Todd Murray Woos and Wows
American Songbook, Originals, Contemporary...
(Los Angeles – October 11, 2008) You'll snap and swoon as Todd Murray swings and croons his way through the American songbook. His latest album, “Stardust and Swing,” romances the classics from “Dream a Little Dream of Me” to “I Wanna Be Around” to the stellar “Stardust.” Recorded in Capitol Record’s famed Studio A, “Stardust and Swing” is full of lush brass and string arrangements that bring new meaning to these exciting new renditions of American standards. In addition, Murray offers up a few original pieces as well as duets with guest artists Douglas Sills and the legendary Marilyn Maye. When Murray finished his last album, “When I Sing Low,” he began compiling a list of songs that evoked an emotional response in him. “Every time I heard a song that made me feel good…no matter how many times I have heard it over the years, I wrote it down. Before I knew it, I had more than 50 songs on the list,” says Murray. “I knew then, I would like to begin working on another album.” Before he made his final list, Murray added a few new tunes as well. Murray believes “it’s important to
sing and foster new songs. There are songs of today that become the American standards of tomorrow. I don’t believe ‘those were the good old days’ or that everything was better in times gone by.” In addition, the album provided the opportunity for Murray to work with two of his favorite singers – Marilyn Maye and Douglas Sills.
Murray says he always admired Marilyn Maye -- particularly her classic swinging tunes like “Get Me to the Church on Time,” “Washington Square,” and “The Lamp Is Low.” “Her singing makes me feel happy….and there is an irreverence in vocal artistry. I was thrilled when she agreed to do a duet with me on the album” explains Murray. As to working with Broadway star, Douglas Sills, Murray asks: “Who wouldn’t want to sing with the best leading man on Broadway?” The only challenge was finding a duet that would highlight both Murray’s deep bass-baritone voice and the expressive, emotional quality of Sills’dramatic bari-tenor voice. According to Murray, it was a real challenge. So rather than consider traditional duets, he reinterpreted “If I Ruled The World” as a duet. His unique arrangement feels as if two people were simply talking to each other about the romantic notion of ruling the world. The result is stunningly simple yet dramatically powerful.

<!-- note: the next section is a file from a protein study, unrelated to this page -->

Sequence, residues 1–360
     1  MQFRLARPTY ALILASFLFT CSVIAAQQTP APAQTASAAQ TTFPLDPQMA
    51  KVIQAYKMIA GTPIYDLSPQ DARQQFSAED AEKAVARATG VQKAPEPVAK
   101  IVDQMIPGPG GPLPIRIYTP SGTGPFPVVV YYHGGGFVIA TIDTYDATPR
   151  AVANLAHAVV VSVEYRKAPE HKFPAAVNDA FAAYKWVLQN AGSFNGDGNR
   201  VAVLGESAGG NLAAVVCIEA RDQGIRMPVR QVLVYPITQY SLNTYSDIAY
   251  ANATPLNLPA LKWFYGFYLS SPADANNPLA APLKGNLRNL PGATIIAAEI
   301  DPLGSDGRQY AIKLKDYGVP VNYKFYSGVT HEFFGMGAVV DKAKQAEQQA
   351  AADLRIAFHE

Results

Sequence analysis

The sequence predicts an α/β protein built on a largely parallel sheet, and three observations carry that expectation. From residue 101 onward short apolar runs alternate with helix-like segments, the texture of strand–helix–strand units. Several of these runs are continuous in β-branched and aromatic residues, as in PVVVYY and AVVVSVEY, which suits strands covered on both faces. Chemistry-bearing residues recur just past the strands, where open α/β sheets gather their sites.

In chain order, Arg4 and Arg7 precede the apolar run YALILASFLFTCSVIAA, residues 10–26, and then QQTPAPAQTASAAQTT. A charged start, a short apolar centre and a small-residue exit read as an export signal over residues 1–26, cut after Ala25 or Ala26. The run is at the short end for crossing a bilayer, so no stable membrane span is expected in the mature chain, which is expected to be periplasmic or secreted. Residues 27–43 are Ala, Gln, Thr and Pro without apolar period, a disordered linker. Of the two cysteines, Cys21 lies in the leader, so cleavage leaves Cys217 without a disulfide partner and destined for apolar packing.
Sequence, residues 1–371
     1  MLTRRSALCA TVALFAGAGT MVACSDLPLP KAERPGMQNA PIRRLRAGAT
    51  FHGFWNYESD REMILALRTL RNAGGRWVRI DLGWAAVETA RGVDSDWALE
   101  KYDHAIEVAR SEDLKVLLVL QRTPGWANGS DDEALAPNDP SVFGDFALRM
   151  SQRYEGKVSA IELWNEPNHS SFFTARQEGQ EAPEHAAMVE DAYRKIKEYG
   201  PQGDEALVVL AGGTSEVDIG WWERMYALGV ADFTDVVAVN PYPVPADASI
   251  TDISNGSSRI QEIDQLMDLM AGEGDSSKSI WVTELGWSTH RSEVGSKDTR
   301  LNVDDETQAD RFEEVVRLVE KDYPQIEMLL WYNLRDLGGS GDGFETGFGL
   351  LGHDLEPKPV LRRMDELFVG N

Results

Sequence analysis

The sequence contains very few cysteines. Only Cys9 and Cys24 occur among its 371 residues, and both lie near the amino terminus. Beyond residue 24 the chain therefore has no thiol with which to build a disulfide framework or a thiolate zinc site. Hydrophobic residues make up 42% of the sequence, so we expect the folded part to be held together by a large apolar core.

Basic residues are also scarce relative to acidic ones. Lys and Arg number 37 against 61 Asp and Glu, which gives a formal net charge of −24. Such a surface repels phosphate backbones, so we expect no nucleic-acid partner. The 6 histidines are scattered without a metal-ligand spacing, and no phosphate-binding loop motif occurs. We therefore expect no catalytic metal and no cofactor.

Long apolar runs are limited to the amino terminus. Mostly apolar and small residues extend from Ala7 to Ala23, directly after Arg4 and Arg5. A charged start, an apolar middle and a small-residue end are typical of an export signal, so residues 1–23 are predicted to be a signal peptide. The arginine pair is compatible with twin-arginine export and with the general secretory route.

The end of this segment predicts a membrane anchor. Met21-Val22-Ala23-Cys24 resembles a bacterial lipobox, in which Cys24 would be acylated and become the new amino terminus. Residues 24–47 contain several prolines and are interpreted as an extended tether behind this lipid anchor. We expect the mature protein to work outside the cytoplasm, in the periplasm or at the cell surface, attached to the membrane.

One of the new tunes on the album is the whimsical “Patricia.” Murray wrote the song for his friend,world-renowned chef and writer, Patricia Wells. When Wells asked Murray to sing at her birthday party,he surprised her by writing the song. Murray recalls that she was so overjoyed that her mouth was wide open through the entire song. She now concludes her world-famous cooking classes by playing the song for her students.
Garnering much praise, Murray’s debut CD, “When I Sing Low,” was chosen as one of “Talkin’ Broadway’s” Top Ten Vocal CDs of 2002. His Los Angeles Cinegrill performances were named LA Weekly’s Pick of the Month, and OUT Magazine named him on the “Hot List” for hottest cabaret singer. Murray has performed numerous solo shows, as well as at New York City and Palm Springs Cabaret Conventions at Lincol, and Townhall’s “Broadway By The Years 1935.” In addition, Todd toured for several years as the bass in John Brack’s quartet and soloist in many Zurich based concerts. Murray was part of the first Broadway tour of “The Secret Garden,” starred Off-Broadway in NYGASP’s “The Gondoliers,” and has been seen in several productions at Papermill Playhouse. Most recently, he starred in the leading role in the west coast premiere of the Irving Berlin review “The Melody Lingers On.” His rendition of “Why Not Me” can be heard in Charles Busch’s major movie release “Die Mommy, Die.”
There's no mistaking or forgetting Murray’s smooth baritone voice and heartfelt regard for every lyric. Whether it's ripping through a blazing-hot big band number like his self-penned “The Girl from Waco” or wrapping his golden cords tenderly around “I Fall in Love Too Easily,” Murray knows how to woo and wow an audience and send them away with a swing in their step.